Yesterday I suggested a way to leverage the properties of blogs to enhance searches. This made me think of some additional enhancements possible, if you try to use the type of content at hand.
Let me explain:
Current search engines employ 3 basic information sources to retrieve the most relevant results:
- The actual text in the web page.
- The structure of the text (i.e. headlines vs. simple content, various HTML tags, etc).
- The structure of the web - we all know about PageRank.
What is common to all 3 sources is that they don't seriously differentiate between various types of web pages (enterprise vs. private homepages, blogs, newsgroups, news channels, e-commerce, etc.). This isn't completely accurate, since it is possible to perform searches that only search in specific sources of information (newsgroups, blogs, etc.), but that's not the point.
What I feel is missing is an intelligent usage of the structure of each type of web page.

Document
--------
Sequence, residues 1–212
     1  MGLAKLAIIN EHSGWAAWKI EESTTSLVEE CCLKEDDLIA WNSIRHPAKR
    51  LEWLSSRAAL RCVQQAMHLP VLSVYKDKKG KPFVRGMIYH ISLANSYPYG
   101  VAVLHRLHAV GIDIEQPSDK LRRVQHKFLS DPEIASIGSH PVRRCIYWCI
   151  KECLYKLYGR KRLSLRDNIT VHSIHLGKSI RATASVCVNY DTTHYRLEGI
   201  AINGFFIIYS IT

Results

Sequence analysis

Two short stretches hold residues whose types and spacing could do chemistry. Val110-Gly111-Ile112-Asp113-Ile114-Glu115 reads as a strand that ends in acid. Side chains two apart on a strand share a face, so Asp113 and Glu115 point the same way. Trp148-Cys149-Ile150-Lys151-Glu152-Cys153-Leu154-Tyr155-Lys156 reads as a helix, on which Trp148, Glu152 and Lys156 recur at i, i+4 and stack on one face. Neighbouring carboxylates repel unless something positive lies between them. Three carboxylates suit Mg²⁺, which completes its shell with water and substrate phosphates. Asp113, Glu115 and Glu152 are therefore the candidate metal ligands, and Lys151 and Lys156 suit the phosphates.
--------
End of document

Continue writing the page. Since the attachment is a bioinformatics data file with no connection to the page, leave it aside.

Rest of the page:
- Blogs, news channels - why not implement a voting mechanism (similar to PageRank or other) that takes into consideration the number of talkbacks, the number of registered RSS clients, etc.? Even if a webpage has a low PageRank, if it has a large number of commenters or many RSS subscribers, from many different places, it may indicate that the site is much more important than it may seem.
- Newsgroups - number of threads, number of users, etc. I don't see many links to newsgroups on the web in general. Yet, some are very active. Then why not use additional, newsgroups-specific parameters to measure a newsgroup's relevance?
- e-commerce - Many price-comparison web sites allow their users to rate products and write comments about them. I'm sure that the more products are being rated and the more raters there are, the more chances there are that the price-comparison site is a good one. Even more so - products/vendors with many/high rating accross price-comparison sites should be promoted.
- Professional Magazines - Many give users the possibility to rank and write comments about products (like CNET), others give users the possibility to give feedback about the quality of the articles (like MSDN). Why not use that as part of the retrieval process?
What do you think?